9 December 2021

Stronger protections for parcel customers

  • Ofcom plans to improve how delivery firms handle complaints
  • New rules to ensure disabled people are treated fairly by postal companies
  • Regulatory certainty to allow Royal Mail to modernise, but with greater transparency on efficiency

People sending and receiving parcels in the UK should be treated more fairly by delivery companies, under new protections proposed by Ofcom today.

More than ten million parcels are delivered on an average day in the UK. Most deliveries are problem-free, and customers’ overall satisfaction is high. But when things go wrong, customers often encounter problems.

Ofcom has found that almost two thirds (64%) of customers have experienced problems with deliveries in the last three months.[1]

Around a quarter of senders find it difficult to make a complaint, or to contact parcel operators, when their delivery goes wrong. Two in five say their complaints are only partially resolved, while almost one in ten are left with their complaint completely unresolved.

Our evidence also suggests an inconsistent level of service across the industry: customers’ satisfaction scores on complaints handling range from just 29% for one operator to 71% for another.

UK parcel volumes:  2021: 4 billion (more than 10 million a day), up 50% vs. 2020 2015-20: Up 10% on average each year Customers who experience significant issues with deliveries:  Those with disabilities: 31% Those without disabilities: 21% Satisfaction with complaint handling:  Between 29% and 71% depending on parcel operator Satisfaction with delivery:  Amazon: 89% DPD: 85% DHL: 81% Royal Mail: 80% FedEX: 80% Parcelforce: 79% UPS: 74% Yodel: 61% Hermes: 57%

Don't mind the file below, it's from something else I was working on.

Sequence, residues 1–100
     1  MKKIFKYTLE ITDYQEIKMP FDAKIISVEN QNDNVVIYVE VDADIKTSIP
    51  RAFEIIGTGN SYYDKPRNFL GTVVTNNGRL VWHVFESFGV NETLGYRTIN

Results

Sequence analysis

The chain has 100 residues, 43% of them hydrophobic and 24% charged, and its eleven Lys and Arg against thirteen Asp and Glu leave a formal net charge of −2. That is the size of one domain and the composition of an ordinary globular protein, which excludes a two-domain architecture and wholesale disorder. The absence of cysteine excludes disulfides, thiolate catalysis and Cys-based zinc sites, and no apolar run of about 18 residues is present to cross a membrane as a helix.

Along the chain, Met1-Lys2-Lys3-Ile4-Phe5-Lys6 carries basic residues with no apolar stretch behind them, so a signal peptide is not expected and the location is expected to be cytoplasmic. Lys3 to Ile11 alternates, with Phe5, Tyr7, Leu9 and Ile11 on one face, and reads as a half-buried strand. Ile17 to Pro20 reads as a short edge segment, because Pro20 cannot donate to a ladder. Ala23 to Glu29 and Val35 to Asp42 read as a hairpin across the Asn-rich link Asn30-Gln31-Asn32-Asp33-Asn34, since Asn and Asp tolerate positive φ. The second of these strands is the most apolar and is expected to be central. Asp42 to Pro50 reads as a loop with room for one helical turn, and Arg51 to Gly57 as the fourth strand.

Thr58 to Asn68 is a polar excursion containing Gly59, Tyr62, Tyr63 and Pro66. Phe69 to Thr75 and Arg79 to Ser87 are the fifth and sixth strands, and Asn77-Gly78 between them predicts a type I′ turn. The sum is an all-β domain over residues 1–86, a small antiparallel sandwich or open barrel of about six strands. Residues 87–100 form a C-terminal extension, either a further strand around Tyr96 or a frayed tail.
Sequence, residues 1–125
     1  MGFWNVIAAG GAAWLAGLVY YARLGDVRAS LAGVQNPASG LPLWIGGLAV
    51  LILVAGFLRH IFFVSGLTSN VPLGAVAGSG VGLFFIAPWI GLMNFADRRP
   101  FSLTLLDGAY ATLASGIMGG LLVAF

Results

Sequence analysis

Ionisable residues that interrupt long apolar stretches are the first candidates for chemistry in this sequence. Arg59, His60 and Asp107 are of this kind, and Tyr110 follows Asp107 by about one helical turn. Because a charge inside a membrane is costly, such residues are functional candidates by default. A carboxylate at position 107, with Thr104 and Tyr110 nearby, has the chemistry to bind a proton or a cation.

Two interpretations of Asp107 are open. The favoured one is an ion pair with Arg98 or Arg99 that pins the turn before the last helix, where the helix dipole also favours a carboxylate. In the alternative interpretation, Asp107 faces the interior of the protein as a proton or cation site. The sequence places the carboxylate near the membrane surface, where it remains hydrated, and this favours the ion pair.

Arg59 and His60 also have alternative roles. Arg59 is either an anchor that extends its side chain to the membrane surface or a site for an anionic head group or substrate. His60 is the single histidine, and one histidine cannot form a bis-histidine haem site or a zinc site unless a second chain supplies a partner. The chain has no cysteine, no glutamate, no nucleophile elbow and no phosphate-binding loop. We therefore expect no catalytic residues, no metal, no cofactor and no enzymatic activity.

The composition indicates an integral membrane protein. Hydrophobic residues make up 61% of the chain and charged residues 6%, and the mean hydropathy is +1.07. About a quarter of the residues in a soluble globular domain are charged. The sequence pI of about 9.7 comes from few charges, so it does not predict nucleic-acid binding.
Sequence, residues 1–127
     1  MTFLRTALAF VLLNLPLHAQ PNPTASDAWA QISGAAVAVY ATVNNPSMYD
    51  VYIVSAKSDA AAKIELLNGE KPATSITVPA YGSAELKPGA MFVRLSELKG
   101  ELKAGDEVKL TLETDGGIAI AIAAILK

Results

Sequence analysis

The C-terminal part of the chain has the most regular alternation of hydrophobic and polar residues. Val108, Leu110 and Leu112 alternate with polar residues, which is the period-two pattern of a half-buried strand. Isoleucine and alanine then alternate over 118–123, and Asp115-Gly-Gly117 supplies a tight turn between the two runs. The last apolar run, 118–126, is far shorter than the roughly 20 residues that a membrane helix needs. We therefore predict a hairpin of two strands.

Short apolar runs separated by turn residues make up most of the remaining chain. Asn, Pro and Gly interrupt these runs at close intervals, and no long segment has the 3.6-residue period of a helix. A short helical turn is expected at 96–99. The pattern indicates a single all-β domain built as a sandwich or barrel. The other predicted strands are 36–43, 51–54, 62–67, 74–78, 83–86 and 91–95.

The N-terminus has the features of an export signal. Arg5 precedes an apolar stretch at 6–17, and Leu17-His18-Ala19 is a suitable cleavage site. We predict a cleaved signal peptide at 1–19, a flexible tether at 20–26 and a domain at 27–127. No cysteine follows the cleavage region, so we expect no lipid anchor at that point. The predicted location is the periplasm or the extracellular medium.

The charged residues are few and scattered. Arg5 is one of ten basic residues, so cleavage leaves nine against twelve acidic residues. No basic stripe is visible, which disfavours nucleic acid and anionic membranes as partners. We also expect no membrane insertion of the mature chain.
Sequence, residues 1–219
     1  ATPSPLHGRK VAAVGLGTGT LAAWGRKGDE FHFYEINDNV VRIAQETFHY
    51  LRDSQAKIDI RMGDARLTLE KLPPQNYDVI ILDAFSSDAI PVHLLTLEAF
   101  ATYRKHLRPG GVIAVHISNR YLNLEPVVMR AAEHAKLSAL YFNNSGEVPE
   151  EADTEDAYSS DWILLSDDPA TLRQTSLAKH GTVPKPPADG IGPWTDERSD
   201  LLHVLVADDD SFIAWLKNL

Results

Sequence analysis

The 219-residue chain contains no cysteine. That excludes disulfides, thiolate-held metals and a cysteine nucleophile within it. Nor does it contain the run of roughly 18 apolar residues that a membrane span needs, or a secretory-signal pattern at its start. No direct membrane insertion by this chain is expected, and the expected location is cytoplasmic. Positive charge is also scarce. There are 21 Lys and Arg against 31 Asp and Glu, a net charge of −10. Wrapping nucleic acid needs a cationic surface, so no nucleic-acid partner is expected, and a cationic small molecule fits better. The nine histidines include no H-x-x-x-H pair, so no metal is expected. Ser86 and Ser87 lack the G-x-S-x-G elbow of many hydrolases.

New rules for parcel firms

So we are proposing new guidance requiring all parcel firms to tighten up their complaints handling. We also plan to require better protections for disabled customers, who are almost 50% more likely to experience significant problems with parcel deliveries.

Under our existing rules, all postal operators must have a simple and transparent complaints process in place.[2] We now intend to set additional guidance, under which customers must be:

  • told who to contact, and what channels they can use to make a complaint;
  • told what the complaint process will be, and how long it will take to resolve;
  • dealt with by staff who have received appropriate training.

We are also proposing a new requirement for parcel firms to establish, publish and comply with clear and effective policies and procedures for the fair treatment of disabled customers. This includes ensuring that disabled customers can communicate their delivery needs to the parcel operator, and setting out how couriers will meet those needs when delivering parcels.

If we do not see substantial improvements in customer service and complaints handling, we will consider enforcement action or further regulation.

Parcel problems probed

We are publishing today’s plans alongside our annual monitoring report on the postal market. This shows that people’s reliance on parcels continues to grow – a trend that has accelerated during the coronavirus pandemic.[3]

Some of the most common difficulties people experience when sending parcels include not getting through to the right person; the company refusing to take responsibility for the problem; and the length of time taken to resolve it. Many people also struggled to find out how to complain in the first place.

Disabled people are more likely to experience parcel delivery problems than most. These include couriers not allowing enough time at the door, parcels being left in inaccessible places, and operators not acting on specific delivery instructions provided to them.

What disabled customers told us: